Sounding intelligent for a writer is key to becoming a successful writer, due to readers not wanting to read something that sounds funny or includes slang. What really attracts an audience is the intelligence of the writer. In an article titled, “11 Smart Tips for Brilliant Writing,” Dean Rieck includes eleven tips, all of which help writers become “Intelligent writers. ” The last five of the tips are “eliminate fluff words, don’t ramble, don’t be redundant or repeat yourself, don’t overwrite, and edit ruthlessly. I feel that these five separate the discourse communities of at home and at school. For the discourse of how someone uses English at home, he or she usually only follows few if not any. On the other hand, for the discourse that someone uses at school, he or she usually does follow every tip as they all contribute to intelligent writing styles and habits. Rieck’s article shows the reader how to be an intelligent writer, and those tips have the ability to separate a writer in an academic discourse community from a writer in a non-academic discourse community.
This is one reason for why students should be required to use academic discourse when in a college writing environment because it helps the writer to become an intelligent writer due to how an academic discourse community teaches one how to use what they have learned to sound intelligent. After a writer learns how to write intelligently, he or she will earn the respect he or she deserves. One will gain respect if he or she writes and speaks in an intelligent manner, such as from an academic discourse community.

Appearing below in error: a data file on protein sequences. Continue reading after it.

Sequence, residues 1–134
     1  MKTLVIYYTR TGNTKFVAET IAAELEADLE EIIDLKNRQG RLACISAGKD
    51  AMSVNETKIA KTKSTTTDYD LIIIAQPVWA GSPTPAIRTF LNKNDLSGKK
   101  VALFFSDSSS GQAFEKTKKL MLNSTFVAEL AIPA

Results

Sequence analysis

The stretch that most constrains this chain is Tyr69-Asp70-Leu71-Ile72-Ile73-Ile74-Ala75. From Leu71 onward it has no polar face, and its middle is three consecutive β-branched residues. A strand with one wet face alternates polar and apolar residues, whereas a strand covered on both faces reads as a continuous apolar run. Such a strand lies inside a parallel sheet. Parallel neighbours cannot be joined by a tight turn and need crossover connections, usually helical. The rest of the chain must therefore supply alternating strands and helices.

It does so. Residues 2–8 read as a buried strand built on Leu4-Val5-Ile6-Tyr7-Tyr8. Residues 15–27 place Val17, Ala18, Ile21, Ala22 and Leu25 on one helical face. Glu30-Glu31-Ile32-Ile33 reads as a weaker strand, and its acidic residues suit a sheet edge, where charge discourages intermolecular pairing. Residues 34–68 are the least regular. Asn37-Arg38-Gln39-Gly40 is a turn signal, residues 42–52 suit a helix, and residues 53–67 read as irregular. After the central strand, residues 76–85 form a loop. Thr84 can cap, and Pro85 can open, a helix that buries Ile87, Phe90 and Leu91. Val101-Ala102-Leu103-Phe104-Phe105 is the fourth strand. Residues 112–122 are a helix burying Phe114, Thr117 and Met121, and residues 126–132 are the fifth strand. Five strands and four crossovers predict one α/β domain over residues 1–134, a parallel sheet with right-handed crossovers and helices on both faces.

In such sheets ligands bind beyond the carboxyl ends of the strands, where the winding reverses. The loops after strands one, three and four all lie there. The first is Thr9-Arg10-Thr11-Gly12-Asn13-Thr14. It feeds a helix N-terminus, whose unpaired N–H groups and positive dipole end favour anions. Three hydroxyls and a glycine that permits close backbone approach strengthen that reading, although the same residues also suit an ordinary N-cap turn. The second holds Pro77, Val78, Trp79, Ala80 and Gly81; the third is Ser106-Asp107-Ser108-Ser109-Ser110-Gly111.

Respect is important because it is a way for one person to show another how he or she sees a value in that other person. In Amy Tans article she says, “I believed that her English reflected the quality of what she had to say. That is, because she expressed them imperfectly her thoughts were imperfect. And I had plenty of empirical evidence to support me: the fact that people in department stores, at banks, and at restaurants did not take her seriously, did not give her good service, pretended not to understand her, or even act as if they did not hear her. This quote is a perfect example of how someone within a non-academic discourse community does not gain respect because of how her mother did not get good service or was not understood. Later in her article, Tan also mentioned how she talked on the phone pretending to be her mother saying, “My mother has long realized the limitations of her English as well. When I was fifteen, she used to have me call people on the phone to pretend I was she. In this guise, I was forced to ask for information or even complain and yell at people who had been rude to her.